Two autumns ago when I lived in Thailand, I had a short assignment for promoting CEE (Central-Eastern European) business. One of my tasks was to generate leads (sorry for tech language, I can’t say it any other way) for IT companies based in Belarus.
As soon as I mentioned to my friends the name Belarus, I got an immediate comment:
Let’s put it that way; there are all sorts of governments out there and they do lots of controversial things. Belorussian government is well-known as “the last dictatorship in Europe” which again, could be a subject for debate. Whatever the opinion about the politics is, it doesn’t mean that there are no people living in Belarus who want to connect with foreigners.
I was invited by my friends to join a motorbike trip to Belarus and sad “Yes” to it straight away. We had to apply for a visa and put up with procedures and costs to get it because we entered to Belarus on wheels, but there is good news for those who like flying: If you fly into Minsk airport you don’t need a visa if you stay up to 5 days. This is a new governmental legislation, which has only been signed in Jan this year. The list of countries who are included in this policy is here:
And here is what I found and how it was:
1. Idyllic Countryside.
Just a bit of history: For many centuries a large chunk of Belarus belonged to Poland. This has changed with the end of WW2 when the new borders of Poland and its neighboring countries were established by the Allies. The landscapes are very similar at times to those of Eastern Poland.
Just for the record, I was born and raised in the east of Poland, very near to Ukrainian border. I couldn’t help the feeling that I am back in my childhood days when I used to visit my grandmother in the countryside… Juicy green forests, picturesque views and charming little village houses. We stayed in wooden houses at Airbnb, which were one of the best features of the whole trip, no doubts about it.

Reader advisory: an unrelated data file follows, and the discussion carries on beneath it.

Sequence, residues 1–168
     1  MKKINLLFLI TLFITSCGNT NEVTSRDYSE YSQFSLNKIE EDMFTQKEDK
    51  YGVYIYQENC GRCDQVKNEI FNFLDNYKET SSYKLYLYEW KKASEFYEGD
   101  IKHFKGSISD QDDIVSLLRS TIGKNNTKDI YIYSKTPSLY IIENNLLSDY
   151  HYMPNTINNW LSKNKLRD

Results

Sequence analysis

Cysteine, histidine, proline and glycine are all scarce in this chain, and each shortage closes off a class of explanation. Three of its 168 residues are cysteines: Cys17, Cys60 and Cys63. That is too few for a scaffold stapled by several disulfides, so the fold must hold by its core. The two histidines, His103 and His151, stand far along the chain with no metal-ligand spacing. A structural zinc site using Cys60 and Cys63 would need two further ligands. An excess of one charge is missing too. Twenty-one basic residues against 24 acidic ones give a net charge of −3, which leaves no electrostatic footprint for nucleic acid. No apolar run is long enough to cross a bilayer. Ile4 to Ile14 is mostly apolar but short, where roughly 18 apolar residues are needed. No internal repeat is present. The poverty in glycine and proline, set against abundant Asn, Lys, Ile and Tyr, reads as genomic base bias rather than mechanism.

2. Not too pricey.
I wouldn’t say that everything in Belarus cost less than in Poland or Czech Rep. for example, but it’s fair to say that the country isn’t too expensive to travel. The petrol cost less, the Airbnb and cigarettes too. Not, that I care about the latter, but some of you do! The food is good and won’t break your bank either. And in Minsk, you can pay by card pretty much everywhere.
3. Frozen in time.
For the fans of Soviet times who like to admire objects of that era, Belarus is a great place. Massive monuments, crazy statues, and buildings from the Soviet era are everywhere. The architecture is definitely way different to the West, yet not so different to the east of Poland.
One thing varies though; the country seems to be frozen in time, what can make your visit actually an experience. Whereas the differences between Western and Central European countries are gradually fading, Belarus has its own ‘timezone’ and moves at its own pace.
4. Blue eyes.
Don’t get me wrong. I like people from all nations and find them attractive regardless of where they’re from, but I also noticed that there is something in particular in some Slavic people’s blue eyes. A kind of deepness that can’t cheat. There are some people of that deep blue sight in Poland and there were many Belarus. You look into their eyes and you know, that it is good to them.
(Okay, I have no photos with blue-eyed Belorussians, sorry! The dolls are pretty though!)
5. Wholehearted people.
From Airbnb owners who prepared dinners for us to random people met on the street who simply wanted to chat, because they don’t have an opportunity to see travelers often. People are friendly and even though not many of them speak English they’re eager to help if needed.
*We spoke Polish because is very similar to Belorussian. Nevertheless, it’s worth to learn a few Russian or Belorussian words. It will definitely make a difference to your stay.
6. Make up your own mind.
Most importantly, when you visit the countries who are either unpopular or painted badly by the media you can make up your own mind about them. Most of the times, it’s guaranteed that you’ll come back thrilled by how amazing it was. The thing is, that people who live in these ‘unpopular’ countries will appreciate you more than in popular touristic places, or on backpacker tracks. They don’t see many travelers and will try harder for you to have a great stay. Most of them may not be able to travel like you, so they’ll be delighted to have you around.
Every country does what it takes to feel superior to others. This is needed, otherwise, they couldn’t progress. Same with us – We need to feel better than others in order to know how far we got. The good way to do it is that we feel good and be proud of things that matter: education, open mind, and kindness.